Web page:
The current status of the extractor tool could recaped as: the only hard thing left are the dbi files. I’m focusing on the hardest reverse engineering first, so I’m leaving anything that is fairly easier for later.
Why are they hard? They are basically a custom format that I haven’t been able to relate to any other game, tool or software in general.
So far, I’ve been able to find out the following:
It’s an indexed file.
It contains the number of elements at the top of the file, in the header.
This header takes 0x420 bytes where 0x400 bytes are a color palette.
The index is at the bottom of the file and uses 8 byte strings for names and a 4 bytes index in the file.
Elements start after the header.
Each element is 0x2000 long
You can get the start of a file by jumping at 0x420 + index * 0x2000
It contains a color palette of 0x400 bytes in the header.
It contains images. I’ve been able to get this from Listbox.dbi
I’m not making this up, this a turret from the game 😀
I still need to get this through the palette and it should look nice.
Before each image data, there’s the size of the image. On Listbox.dbi you can use the width and height of the images (present in the header) + padding to get the size of the image. On others, the number is too small.
Images in it are encoded/compressed/obfuscated/encrypted (except but Listbox.dbi), which is not.
I’ve found a 32 bits field that is set to 0 on Listbox.dbi and 1 in the rest.
My current focus is to understand what this field is really saying and interpret the image data correctly. I think images are compressed, as the sizes are too small.
It contains other data, just after the image itself.
After each image, there are a lot of indices. I think they could relate to terrain types, but I don’t know what is that used for; let me copy some examples:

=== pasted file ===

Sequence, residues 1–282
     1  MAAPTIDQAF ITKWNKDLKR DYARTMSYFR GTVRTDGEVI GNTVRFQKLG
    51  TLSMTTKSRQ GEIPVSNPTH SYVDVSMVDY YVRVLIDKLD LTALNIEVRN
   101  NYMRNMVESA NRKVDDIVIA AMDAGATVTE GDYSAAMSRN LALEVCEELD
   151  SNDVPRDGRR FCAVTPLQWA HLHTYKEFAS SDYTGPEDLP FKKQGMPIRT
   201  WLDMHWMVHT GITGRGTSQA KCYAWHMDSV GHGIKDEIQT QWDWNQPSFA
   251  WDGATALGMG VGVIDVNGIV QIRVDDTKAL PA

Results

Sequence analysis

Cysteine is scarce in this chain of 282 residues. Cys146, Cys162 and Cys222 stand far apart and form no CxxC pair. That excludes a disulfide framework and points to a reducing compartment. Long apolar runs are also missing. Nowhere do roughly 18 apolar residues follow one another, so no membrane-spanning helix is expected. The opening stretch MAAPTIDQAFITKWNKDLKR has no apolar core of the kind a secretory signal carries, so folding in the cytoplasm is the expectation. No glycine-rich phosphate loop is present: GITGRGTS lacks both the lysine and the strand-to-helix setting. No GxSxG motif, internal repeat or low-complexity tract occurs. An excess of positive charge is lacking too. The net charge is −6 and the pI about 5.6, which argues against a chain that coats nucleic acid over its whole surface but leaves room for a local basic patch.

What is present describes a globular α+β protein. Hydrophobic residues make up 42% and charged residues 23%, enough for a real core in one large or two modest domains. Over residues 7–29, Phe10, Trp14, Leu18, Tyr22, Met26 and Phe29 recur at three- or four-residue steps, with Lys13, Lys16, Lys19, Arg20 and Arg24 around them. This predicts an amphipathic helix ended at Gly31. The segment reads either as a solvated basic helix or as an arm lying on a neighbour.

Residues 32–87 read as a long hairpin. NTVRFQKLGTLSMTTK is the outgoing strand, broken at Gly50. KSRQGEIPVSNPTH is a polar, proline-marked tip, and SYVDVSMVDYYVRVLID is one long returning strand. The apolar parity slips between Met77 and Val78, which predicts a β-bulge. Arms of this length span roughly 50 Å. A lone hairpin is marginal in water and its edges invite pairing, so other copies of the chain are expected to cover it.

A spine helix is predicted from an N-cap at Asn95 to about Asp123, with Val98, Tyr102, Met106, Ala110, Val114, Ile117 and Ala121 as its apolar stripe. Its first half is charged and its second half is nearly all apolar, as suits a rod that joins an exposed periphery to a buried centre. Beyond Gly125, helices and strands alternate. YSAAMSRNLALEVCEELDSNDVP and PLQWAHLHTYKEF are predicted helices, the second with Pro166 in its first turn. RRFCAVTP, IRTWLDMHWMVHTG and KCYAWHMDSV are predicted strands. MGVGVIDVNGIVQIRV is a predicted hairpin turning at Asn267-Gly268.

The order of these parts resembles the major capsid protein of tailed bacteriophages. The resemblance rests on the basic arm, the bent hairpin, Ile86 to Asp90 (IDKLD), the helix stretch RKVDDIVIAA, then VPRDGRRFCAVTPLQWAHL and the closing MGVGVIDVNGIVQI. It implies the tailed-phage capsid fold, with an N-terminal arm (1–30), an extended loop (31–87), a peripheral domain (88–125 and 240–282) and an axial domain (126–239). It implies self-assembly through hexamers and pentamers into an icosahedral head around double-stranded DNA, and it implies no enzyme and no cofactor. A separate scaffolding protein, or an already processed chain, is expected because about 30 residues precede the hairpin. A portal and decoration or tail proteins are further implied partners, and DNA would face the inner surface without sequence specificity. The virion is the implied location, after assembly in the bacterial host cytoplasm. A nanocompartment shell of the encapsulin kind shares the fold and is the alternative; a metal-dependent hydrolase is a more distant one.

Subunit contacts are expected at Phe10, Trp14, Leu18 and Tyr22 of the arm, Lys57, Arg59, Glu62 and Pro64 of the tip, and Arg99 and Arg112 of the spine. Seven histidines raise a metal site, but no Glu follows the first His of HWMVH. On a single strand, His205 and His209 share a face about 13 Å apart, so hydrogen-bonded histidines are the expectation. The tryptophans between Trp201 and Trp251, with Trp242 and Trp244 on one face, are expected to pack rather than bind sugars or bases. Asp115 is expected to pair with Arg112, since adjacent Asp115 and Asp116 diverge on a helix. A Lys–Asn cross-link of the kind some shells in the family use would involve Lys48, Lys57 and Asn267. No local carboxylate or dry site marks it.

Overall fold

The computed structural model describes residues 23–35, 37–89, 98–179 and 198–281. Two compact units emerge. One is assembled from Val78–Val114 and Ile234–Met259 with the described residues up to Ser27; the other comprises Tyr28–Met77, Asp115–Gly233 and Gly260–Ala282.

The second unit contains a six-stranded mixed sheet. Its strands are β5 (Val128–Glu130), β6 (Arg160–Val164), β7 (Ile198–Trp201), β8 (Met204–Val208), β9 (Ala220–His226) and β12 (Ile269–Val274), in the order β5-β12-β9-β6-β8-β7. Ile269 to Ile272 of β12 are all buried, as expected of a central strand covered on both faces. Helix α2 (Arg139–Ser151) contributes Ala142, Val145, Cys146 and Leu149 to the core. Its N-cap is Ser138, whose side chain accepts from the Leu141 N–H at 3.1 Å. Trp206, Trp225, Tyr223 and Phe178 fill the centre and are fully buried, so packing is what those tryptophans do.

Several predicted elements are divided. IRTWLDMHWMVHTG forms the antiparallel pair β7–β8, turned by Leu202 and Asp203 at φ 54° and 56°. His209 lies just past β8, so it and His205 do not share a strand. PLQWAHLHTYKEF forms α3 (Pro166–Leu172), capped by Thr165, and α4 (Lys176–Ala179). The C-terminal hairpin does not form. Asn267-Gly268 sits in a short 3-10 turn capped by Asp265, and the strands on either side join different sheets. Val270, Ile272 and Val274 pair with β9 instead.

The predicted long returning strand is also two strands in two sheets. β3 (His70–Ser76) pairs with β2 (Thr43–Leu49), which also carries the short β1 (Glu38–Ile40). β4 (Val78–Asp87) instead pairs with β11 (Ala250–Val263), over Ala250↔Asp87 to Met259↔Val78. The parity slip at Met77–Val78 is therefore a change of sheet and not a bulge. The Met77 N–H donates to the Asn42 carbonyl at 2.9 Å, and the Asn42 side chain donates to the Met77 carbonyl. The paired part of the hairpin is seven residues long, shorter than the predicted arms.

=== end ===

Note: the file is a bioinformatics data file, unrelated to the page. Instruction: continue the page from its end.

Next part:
And these are the findings of the last week! If I’m able to crack down the compression for the dbi files I will start coding the game soon 🙂
Since the start of the project I’ve been adding integrations to the project.
In case anybody is interested, I’ve been doing the following:
Setting up a gitter chat community.
This was really easy to set up, just a bunch of clicks.
I thought this would be a great way to enable others to reach me to collaborate with the project.
Setting up a project on github.
This is a simple agile-board, just to get a sense of what remains to be done. It could be great for collaborators to be able to pick a task and make sure that is going to be useful work.
Setting up a build server on AppVeyor
This has been a great way for me to make sure the project compiles successfully on other machines (other than testing on 2 PCs of mine). This should later allow to download a compiled version of the tool from the artifacts section.
Also, it automatically runs unit tests, so it should give a good sense of the builds health as soon as there’s more unit tests.
I’ve started to look into code coverage analysis.
I’m currently using OpenCover with ReportGenerator, but it’s still work in progress and will probably need a bit of love before merging to master.
I’ve got most of the info I needed from here.
As I’m writing this post, I’m waiting for the extractor tool I have to give me some result after adding a bit of code with timing info (just total duration), since the export is taking an enormous amount of time.
So what I have been doing between the previous post and this one is trying to understand 2 file formats that the game uses that I don’t export from yet.
One of them is called DBI, which seems to custom made, it contains an Autodesk license (on text, like you would write it on code file), and even error messages for things I don’t think I’ll ever seen inside the game.
As my experience reading through undocumented binary formats that I haven’t written is limited, I had to call it a day and leave the DBI files format unsolved.
The other one is the FF file, that starts with the magic word “MFF”. I haven’t found any reference to it online, so I started looking at it on my own. These videos from Mr House helped a lot on this.
I think I understand the file format, so here’s the file structure for the FF file (there’s only one file like that in the game) is more or less as follows:
4 bytes, magic word MFF, followed by \0.
Index of files in the archive header
4 bytes with the amount of files in the archive.
An entry for each file
256 ASCII chars, file path
4 bytes, offset to the file contents on the file.
4 bytes of 0’s.
Start of file data.
Each file here is an SMK2 file, so my converter for SMK files can read this.